Advice for Fathers in Romance Novels

Jessica Plummer

Contributing Editor

Jessica Plummer has lived her whole life in New York City, but she prefers to think of it as Metropolis. Her day job is in books, her side hustle is in books, and she writes books on the side (including a short story in Sword Stone Table from Vintage). She loves running, knitting, and thinking about superheroes, and knows an unnecessary amount of things about Donald Duck. Follow her on Twitter at @jess_plummer.

I’ve read a fair number of historical romance novels in my day, and though the genre has a wider range than its detractors would have us believe, there’s one thing that remains by and large consistent throughout: 90% of the main characters’ fathers suck eggs. Whether distant and cold, wildly irresponsible, or flat-out abusive, romance novel dads are by and large the absolute pits.

Don’t roll your eyes, Mr. Bennet, you’re on my list.

Since their failings generally fall into familiar patterns, especially where the Regency is concerned, I thought I’d put together some advice for any fictional fathers who might be looking to improve their parenting skills. Especially if they’re dukes.

  • Don’t raise your highly sensitive child on a dilapidated estate on a remote, howling moor, constantly reminding them of your family’s past glory while the house falls to pieces around your ears.
  • Don’t encourage older sons to tumble the parlourmaids (or tumble them yourself).
  • Don’t deliver coldly dismissive lectures or hypocritically pious sermons from behind a massive desk in your well-appointed library or study, an ornate and heavy desk that looks as massive as a ship to a child’s impressionable eyes. If you must deliver such lectures, just be aware that your child will have sex on that desk after your death in order to exorcise those demons. It’s just a thing that’s going to happen.
  • Don’t push anyone down the stairs. Drunkenly falling down them yourself is permissible.
  • Don’t bleed your tenants so dry that they can only receive material salvation from the warmhearted heiress to whom your son has been wed in a marriage of convenience. She will catch a consumption from one of the aforementioned tenants while tending to them day and night with no thought of her own health, and although she will of course survive, she may have to have her hair—her crowning glory!—cut off and it’ll all be very stressful.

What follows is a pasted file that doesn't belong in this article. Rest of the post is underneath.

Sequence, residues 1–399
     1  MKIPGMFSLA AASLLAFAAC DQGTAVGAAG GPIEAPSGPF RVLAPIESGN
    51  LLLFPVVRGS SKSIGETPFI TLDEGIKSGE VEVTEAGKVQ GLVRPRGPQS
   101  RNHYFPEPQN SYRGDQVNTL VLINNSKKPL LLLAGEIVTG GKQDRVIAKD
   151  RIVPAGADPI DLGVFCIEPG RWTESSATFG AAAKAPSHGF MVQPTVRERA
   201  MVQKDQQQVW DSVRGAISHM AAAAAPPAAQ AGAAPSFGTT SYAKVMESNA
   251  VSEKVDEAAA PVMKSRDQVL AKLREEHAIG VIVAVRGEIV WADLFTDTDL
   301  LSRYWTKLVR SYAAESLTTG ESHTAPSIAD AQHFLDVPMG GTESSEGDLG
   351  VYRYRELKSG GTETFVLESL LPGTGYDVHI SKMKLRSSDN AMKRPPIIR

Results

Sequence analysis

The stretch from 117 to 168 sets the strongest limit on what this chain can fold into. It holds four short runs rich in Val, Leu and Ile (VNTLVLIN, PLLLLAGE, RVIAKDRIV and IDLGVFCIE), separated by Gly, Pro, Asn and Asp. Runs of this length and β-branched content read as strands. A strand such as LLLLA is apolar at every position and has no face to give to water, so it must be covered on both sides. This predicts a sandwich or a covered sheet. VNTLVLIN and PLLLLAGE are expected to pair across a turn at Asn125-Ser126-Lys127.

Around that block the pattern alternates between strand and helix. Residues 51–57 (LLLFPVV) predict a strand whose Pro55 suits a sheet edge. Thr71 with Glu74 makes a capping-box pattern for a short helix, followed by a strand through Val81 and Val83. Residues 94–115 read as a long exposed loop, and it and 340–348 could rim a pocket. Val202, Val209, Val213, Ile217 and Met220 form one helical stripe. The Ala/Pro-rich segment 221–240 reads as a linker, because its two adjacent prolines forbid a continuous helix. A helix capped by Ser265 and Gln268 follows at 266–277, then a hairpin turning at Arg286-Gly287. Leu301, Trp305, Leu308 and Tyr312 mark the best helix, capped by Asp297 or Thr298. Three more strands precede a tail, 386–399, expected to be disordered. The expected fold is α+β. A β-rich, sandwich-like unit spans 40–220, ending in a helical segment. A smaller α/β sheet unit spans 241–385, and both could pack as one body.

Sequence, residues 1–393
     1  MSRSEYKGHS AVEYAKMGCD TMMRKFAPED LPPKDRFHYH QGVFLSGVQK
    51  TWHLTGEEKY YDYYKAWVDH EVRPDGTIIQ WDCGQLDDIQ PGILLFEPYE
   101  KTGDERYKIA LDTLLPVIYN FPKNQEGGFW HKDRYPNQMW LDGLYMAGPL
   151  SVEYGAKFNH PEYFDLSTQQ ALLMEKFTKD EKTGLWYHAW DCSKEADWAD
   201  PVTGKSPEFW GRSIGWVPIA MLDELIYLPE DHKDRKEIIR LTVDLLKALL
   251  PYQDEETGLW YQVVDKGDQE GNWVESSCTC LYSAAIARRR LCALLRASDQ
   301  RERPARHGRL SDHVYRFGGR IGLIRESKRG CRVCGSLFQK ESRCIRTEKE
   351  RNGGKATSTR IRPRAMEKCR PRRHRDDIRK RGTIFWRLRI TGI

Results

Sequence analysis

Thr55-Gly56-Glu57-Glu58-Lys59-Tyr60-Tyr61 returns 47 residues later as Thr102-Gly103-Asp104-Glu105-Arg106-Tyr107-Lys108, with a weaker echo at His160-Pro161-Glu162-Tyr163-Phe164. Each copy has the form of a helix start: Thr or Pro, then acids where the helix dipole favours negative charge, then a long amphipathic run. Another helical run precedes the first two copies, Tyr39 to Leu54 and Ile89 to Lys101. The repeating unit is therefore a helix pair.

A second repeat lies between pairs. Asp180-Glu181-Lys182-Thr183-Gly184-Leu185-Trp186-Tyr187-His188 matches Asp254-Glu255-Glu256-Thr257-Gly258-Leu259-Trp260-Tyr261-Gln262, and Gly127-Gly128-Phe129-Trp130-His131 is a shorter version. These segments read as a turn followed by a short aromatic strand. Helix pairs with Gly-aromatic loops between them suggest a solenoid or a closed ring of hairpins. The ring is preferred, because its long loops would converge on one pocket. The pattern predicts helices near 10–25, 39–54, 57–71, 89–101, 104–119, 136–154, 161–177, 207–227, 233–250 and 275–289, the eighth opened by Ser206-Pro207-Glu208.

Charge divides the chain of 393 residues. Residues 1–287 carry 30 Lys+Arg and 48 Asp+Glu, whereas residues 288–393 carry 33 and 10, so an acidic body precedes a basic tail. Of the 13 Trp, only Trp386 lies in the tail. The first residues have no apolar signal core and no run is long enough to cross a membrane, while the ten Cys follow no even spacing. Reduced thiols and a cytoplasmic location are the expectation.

• Don’t live such a dissolute, Bohemian life that your three to six daughters’ reputations will be, if not exactly stained, certainly smudged, forcing them to marry a succession of rakes who will find themselves unaccountably tamed by the love of a good woman. England’s supply of rakes depends on you!
  • Don’t be French.
  • Don’t invest heavily in a financial venture offered you by a seemingly respectable fellow at your club who will subsequently reveal himself to be a cad and abscond to the colonies with your fortune, forcing your child to enter into—my blushes, sir!—a trade.
  • Don’t get yourself embarrassingly deep into debt with the local tradesmen and then die.
  • Don’t be gouty.
  • Don’t press your daughter to marry that one really creepy friend of yours, or a cousin of any sort. Romance novel cousins are usually dicks.
  • Don’t send a disobedient son to the front lines against Napoleon and ignore all further apologetic communication from him until your death, leaving him alive but forever changed by the horrors he has seen, as well as saddled with a leg injury that in no way compromises his manly stature but will play up at narratively convenient times.
  • Don’t construct any of the following rooms on your estate: a dark, cavernous dining room far too big for two with a table so enormous it impedes conversation; a cold and unwelcoming nursery with no toys; a study in a constant state of disorder meaning that key financial papers will be lost amongst your voluminous correspondence after your death; a lengthy portrait gallery featuring only your most unattractive and disapproving ancestors and perhaps one haunting likeness of your dead wife. Maybe try a solarium instead? Solariums are nice!
  • Like, honestly, just try not to be a complete and utter jag.

    As Tolstoy said, all unhappy families are unhappy in their own ways, so this is by no means an exhaustive list of all the ways you can screw up your little duke or duchess. But by avoiding them, you can steer clear of some of the most common pitfalls in your fatherly career. Good luck to you! Be careful on horseback, and for god’s sake don’t go on any risky sea voyages if there’s any uncertainty whatsoever about your will!